The Woolly Thistle blog Mohair yarn swatch

Knitting with Mohair: All your questions answered!

By Kelsey Peterson

Mohair has become extremely popular in the last few years in the handknitting world. After its heyday in the 1980s, it fell out of favor for a few decades, but it is decidedly back and more versatile than it ever was. But, it raises a few questions: (1) what is it?, (2) how do I use it?, and (3) how can it change my knitting?


What is Mohair?

Mohair is the hair of the Angora Goat (not related to the Angora Rabbit, which produces Angora fiber). Recently, it has appeared in handknitting as a laceweight yarn with 60 to 90% mohair fiber and the remainder a filament like silk or nylon. It is a fluffy, wispy fiber held together around a solid core that makes it knittable.

How do I use Mohair?

Laceweight mohair can be used either on its own or held double with another yarn. On its own, it is usually knit at a large gauge and creates a ethereal, light, web-like fabric. Held with another yarn, it adds a little bit of thickness but also adds softness and fluff to the finished fabric. It can also be used in some parts of a fabric in stripes or colorwork to change the texture.

How can Mohair change my knitting?

Mohair adds softness and gauziness to a finished fabric, which also can fill in the little gaps between stitches in a yarn with little halo. It can also change the texture, making a fabric more fluffy and usually warmer as well.

Mohair can also be used to get a cool marled effect in your fabric. Instead of pairing your underlying yarn with a coordinating mohair, choosing a contrasting color will add even more visual interest and variation to the fabric. The effect is similar to an extreme heathering effect or a barberpole twist.

Can I see an example of knitting with Mohair?

I knit three swatches using Rauma Finullgarn as my base yarn and pairing it with Rauma Plum Mohair. I was aiming to recreate the drapey fabric of the Vanilla Sweater, so I tried three gauges starting with 20 stitches per 4 inches. I knit black Finullgarn with hot pink Plum on a US 7 (4.5mm), and I got a gauge of 20 stitches to 4 inches.

A knit swatch using Rauma Finullgarn and Plum from The Woolly Thistle on US size 7 needles.

Then I knit magenta Finullgarn with hot pink Plum on a US 8 (5mm) and got 19 stitches to 4 inches.


Finally, I knit the black and pink combo again on a US 9 (5.5mm) and got 17.5 stitches to 4 inches. These are all numbers on my blocked swatches – the pre-blocked swatches were about a half-stitch tighter in all swatches.

A swatch knit with Rauma Finullgarn and Plum from The Woolly Thistle using US size 9 needles.

Any tips and tricks?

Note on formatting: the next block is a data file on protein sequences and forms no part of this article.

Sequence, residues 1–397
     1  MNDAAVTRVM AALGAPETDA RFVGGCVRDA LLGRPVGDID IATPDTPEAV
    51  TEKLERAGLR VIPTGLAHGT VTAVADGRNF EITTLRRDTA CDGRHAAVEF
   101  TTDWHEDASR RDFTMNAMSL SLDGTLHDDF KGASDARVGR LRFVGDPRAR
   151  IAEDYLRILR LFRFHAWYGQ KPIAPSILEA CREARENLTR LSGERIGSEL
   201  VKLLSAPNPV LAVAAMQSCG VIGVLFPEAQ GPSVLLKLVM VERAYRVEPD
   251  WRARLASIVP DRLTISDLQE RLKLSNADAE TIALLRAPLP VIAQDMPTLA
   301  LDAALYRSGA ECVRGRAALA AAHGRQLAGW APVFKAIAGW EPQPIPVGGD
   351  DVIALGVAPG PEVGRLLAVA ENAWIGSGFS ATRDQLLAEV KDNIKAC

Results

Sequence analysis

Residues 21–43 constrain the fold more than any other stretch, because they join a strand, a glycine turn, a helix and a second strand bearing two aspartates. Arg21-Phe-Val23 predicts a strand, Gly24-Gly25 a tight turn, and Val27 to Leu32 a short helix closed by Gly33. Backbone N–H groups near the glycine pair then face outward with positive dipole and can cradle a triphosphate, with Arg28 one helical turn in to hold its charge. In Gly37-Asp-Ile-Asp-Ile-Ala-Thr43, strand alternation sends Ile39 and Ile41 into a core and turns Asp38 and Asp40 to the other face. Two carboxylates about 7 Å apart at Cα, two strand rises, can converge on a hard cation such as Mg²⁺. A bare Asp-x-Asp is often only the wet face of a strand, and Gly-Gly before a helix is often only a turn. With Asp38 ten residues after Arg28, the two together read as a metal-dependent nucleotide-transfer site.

Mohair tends to stick to itself more than wool does, but its completely manageable! First, knitting with two strands is actually very simple – you pull from both balls and knit as if they are one strand. I would recommend using a yarn bowl or small tote bag to allow the mohair to roll without rolling away and knit from your base yarn as you would normally. Second, when you knit with a strand of mohair held with a wool or another base yarn, always knit from the outside of the mohair ball. Mohair’s stickiness can make a center-pull ball a disastrous tangle! Third, the stickiness makes tinking or frogging your knitting a bit more difficult than with wool alone, but it does usually come apart if you need, especially when held double with another yarn.

When you’re planning your projects with mohair, a good rule of thumb is that a strand of mohair adds about a weight category to your base yarn. For example, a fingering yarn will become an approximate sport weight, or a DK yarn will become an approximate worsted weight yarn. As always, swatching is critical, but this is a good guide especially if you’re adding mohair to a pattern that doesn’t use mohair. Also, you’ll need the same yardage of your base yarn as your mohair, but because the mohair is so lightweight, you generally get a lot more yardage in a ball and will likely need to order fewer balls so comparing the yardages is super important. 

A Final Word

All in all, I think knitting with mohair is doable and totally worth it when you’re looking for texture, fluffiness, or color interest in your project. I loved how both the coordinating colors and the contrasting colors came out in my swatches. Plus the mohair fluffs up a bit more with blocking, so all fabrics were fluffy and soft. If Finullgarn on its own is a little too woolly for you, try adding mohair! It changes the fabric feel completely, but keeps the strength and structure of the underlying wool for a robust sweater.

We currently offer two brands of Mohair that we carry in the shop, Rauma Plum and Bîches & Buches Le Petit Mohair & Silk. 

Kelsey Peterson is a knitter, eager student of yarn construction and sheep breeds, and employee of TWT. You can find her on Instagram as @kcrp.making and on Ravelry as yellowpaperfish.



  • Wondering how well mohair wears when knitted with wool and/or by itself?

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